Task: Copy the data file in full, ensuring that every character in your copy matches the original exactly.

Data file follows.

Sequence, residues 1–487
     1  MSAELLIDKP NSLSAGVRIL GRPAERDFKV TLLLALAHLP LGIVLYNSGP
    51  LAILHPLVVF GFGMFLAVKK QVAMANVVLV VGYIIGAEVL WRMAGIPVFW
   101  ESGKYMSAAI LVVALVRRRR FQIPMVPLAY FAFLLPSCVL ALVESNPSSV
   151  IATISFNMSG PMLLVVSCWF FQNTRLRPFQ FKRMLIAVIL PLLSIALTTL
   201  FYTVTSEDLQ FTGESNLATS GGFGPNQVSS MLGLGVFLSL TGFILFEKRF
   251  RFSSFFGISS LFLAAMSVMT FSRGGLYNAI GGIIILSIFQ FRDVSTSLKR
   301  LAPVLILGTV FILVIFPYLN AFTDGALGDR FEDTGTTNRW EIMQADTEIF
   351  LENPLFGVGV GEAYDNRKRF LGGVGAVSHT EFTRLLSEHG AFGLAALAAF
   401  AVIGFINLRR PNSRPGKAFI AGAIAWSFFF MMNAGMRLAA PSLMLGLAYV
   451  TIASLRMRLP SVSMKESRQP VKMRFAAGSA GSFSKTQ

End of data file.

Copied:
Sequence, residues 1–487
     1  MSAELLIDKP NSLSAGVRIL GRPAERDFKV TLLLALAHLP LGIVLYNSGP
    51  LAILHPLVVF GFGMFLAVKK QVAMANVVLV VGYIIGAEVL WRMAGIPVFW
   101  ESGKYMSAAI LVVALVRRRR FQIPMVPLAY FAFLLPSCVL ALVESNPSSV
   151  IATISFNMSG PMLLVVSCWF FQNTRLRPFQ FKRMLIAVIL PLLSIALTTL
   201  FYTVTSEDLQ FTGESNLATS GGFGPNQVSS MLGLGVFLSL TGFILFEKRF
   251  RFSSFFGISS LFLAAMSVMT FSRGGLYNAI GGIIILSIFQ FRDVSTSLKR
   301  LAPVLILGTV FILVIFPYLN AFTDGALGDR FEDTGTTNRW EIMQADTEIF
   351  LENPLFGVGV GEAYDNRKRF LGGVGAVSHT EFTRLLSEHG AFGLAALAAF
   401  AVIGFINLRR PNSRPGKAFI AGAIAWSFFF MMNAGMRLAA PSLMLGLAYV
   451  TIASLRMRLP SVSMKESRQP VKMRFAAGSA GSFSKTQ